UAW Gave $1 Million+ to Pro-Bailout Congressmen; Media Focus on Anti-Bailout Interests

The proposed automaker bailout has a big stamp on it that says "union-built," but the news media hasn't noticed.

Over the past month, accusations have been flying against several Southern senators who oppose a $14 billion bailout for the beleaguered big three automakers and support the the alternative of Chapter 11 bankruptcy. These senators, critics say, are representing the interests of foreign automakers that donate heavily to their campaigns. But what has been largely ignored is the other side of the equation - the influence of the United Auto Workers (UAW) on the members of Congress that voted for the bailout. 

According to campaign finance data from the Center for Responsive Politics Web site OpenSecrets.org, when broken down by how members of Congress voted, for the 2008 election cycle the UAW gave more than eight times as much in campaign cash to members that voted for the bailout than those that voted against it -- $1.14 million to proponents versus just $136,500 that voted against it.

Overall, the UAW gave to 176 members of the House and Senate that voted for the bailout and only 22 members that voted against it. The union also gave to 78 candidates that were either unsuccessful in their congressional election bids or those that have yet to be sworn in, for a total of $768,800. The UAW donated $70,500 to nine members that didn't didn't participate in the vote. The union gave over $1.8 million altogether.

As Sen. Jim DeMint, R-S.C., pointed out last week - much of the force behind the push for the bailout can be attributed to the UAW - for fear that Chapter 11 bankruptcy would spell the end of their influence.

"The primary driver behind this is the unions, because bankruptcy allows the auto companies to basically restructure all their contracts in a way that a bankruptcy judge says will make them sustainable," DeMint said. "And if they do that, then essentially the unions lose all their leverage. It's the unions that have brought them to the brink. So definitely, I think the reason they want a political solution and a car czar is because a car czar can protect the unions through this whole process at the expense of the taxpayer."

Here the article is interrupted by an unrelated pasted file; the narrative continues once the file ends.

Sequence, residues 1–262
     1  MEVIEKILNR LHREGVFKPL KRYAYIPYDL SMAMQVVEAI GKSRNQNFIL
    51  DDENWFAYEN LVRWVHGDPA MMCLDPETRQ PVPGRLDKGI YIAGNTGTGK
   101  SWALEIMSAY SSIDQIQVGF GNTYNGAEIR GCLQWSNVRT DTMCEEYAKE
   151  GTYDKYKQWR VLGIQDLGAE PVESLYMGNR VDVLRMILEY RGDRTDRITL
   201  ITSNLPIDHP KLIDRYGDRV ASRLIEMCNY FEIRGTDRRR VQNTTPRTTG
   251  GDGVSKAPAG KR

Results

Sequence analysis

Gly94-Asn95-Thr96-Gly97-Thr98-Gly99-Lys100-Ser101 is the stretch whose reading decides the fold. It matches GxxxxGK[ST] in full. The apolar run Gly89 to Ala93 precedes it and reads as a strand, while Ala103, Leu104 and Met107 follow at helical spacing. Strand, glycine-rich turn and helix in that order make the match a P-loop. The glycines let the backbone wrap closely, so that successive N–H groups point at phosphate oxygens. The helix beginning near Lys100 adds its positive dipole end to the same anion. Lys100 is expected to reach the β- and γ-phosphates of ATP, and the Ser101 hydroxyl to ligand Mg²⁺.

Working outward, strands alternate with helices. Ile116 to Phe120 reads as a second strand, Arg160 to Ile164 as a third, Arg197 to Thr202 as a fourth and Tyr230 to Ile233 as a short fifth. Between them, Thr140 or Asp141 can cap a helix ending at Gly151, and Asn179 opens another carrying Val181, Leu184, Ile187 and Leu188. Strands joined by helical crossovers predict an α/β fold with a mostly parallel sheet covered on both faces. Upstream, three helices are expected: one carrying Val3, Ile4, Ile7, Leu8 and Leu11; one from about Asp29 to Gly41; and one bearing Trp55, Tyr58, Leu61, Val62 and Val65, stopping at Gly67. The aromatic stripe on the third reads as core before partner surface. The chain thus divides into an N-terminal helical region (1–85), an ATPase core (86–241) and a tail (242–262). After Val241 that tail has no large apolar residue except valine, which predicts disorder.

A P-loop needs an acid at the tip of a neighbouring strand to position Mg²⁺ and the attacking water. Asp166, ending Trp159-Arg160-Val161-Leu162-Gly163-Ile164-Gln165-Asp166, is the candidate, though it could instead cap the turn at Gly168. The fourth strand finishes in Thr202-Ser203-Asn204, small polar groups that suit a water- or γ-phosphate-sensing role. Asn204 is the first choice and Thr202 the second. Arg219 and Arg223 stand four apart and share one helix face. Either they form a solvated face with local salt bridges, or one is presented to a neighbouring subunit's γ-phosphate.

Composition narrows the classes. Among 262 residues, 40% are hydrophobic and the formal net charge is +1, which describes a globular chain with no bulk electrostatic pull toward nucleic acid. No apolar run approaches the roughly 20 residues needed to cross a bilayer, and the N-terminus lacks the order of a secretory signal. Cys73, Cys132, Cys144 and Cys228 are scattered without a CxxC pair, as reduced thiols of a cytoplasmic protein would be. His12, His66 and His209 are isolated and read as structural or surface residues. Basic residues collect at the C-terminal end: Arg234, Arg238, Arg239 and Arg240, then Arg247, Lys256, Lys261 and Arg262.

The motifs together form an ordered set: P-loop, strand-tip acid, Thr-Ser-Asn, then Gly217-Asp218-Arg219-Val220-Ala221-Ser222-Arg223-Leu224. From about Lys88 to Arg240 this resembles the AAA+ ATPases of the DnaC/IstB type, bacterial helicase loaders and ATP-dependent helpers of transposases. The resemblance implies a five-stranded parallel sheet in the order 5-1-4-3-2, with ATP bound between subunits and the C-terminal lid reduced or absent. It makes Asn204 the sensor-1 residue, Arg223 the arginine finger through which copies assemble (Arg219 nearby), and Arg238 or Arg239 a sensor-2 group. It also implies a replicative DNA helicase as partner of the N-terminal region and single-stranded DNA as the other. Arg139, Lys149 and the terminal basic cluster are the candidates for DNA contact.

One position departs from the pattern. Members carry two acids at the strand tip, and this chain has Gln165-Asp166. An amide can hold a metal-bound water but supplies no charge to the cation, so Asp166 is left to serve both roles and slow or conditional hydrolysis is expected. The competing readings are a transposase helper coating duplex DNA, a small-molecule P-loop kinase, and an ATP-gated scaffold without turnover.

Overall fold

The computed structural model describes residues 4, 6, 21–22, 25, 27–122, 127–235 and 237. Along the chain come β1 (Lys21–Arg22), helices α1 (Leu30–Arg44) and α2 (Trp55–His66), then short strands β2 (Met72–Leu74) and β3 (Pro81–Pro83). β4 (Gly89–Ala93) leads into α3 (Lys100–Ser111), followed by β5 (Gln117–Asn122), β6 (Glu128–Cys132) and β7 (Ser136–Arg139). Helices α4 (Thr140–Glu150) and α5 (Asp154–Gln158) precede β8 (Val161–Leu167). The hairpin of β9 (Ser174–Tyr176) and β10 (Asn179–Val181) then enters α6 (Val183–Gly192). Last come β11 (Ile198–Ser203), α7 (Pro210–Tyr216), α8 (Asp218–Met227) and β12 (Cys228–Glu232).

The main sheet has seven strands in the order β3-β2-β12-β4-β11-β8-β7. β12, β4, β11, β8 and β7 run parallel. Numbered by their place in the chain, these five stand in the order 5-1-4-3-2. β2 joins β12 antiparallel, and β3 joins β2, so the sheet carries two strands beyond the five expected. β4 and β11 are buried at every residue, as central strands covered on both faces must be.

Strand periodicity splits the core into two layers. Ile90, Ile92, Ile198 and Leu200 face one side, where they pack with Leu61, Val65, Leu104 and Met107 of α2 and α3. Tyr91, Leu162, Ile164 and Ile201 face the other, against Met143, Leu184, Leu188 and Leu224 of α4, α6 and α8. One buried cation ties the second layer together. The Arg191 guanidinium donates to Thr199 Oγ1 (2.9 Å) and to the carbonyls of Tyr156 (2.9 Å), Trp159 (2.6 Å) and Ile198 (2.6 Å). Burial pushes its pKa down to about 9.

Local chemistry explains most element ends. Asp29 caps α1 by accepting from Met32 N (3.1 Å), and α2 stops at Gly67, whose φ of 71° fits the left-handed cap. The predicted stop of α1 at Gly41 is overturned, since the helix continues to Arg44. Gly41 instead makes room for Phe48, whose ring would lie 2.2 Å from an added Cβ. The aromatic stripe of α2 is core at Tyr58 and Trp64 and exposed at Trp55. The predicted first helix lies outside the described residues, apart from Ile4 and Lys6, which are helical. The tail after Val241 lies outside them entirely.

Despite this data showing the UAW has overwhelmingly gave to bailout proponents versus its opponents, the media have largely ignored the union and has attacked bailout opponets for representing the interests of foreign automakers with manufacturing facilities in the United States.

In his Dec. 15 New York Times column in which he compared bailout opponents to those in Europe against a rescue plan for the E.U., Paul Krugman  resorted to name-calling.

"But there's a problem: conservative politicians, clinging to an out-of-date ideology - and, perhaps, betting (wrongly) that their constituents are relatively well positioned to ride out the storm - are standing in the way of action," Krugman wrote. "No, I'm not talking about Bob Corker, the Senator from Nissan - I mean Tennessee - and his fellow Republicans, who torpedoed last week's attempt to buy some time for the U.S. auto industry. (Why was the plan blocked? An e-mail message circulated among Senate Republicans declared that denying the auto industry a loan was an opportunity for Republicans to ‘take their first shot against organized labor.')"

And CNBC's Jim Cramer took as similar shot at Sen. Richard Shelby, R-Ala., the ranking Republican on the Senate Banking Committee and a staunch opponent of the automaker bailout. His "Stop Trading" segment on CNBC's Dec. 4 "Street Signs" followed a segment in which Shelby was interviewed by host Erin Burnett.

"I'm following the Senator from Toyota - oh I meant Alabama," Cramer said.

Shelby told The Wall Street Journal on Dec. 12 that if he had five GM or Ford plants in his state, he would have still opposed the bailout and noted his opposition to the 1979 Chrysler bailout as a member of the House of Representatives.

"He opposes all these bailouts because he doesn't think the taxpayers should be paying for it," Jonathan Graffeo, a press representative for Shelby, said to the Business & Media Institute. "It is genuine and it's simple. I'm around the guy 10 hours a day - I know."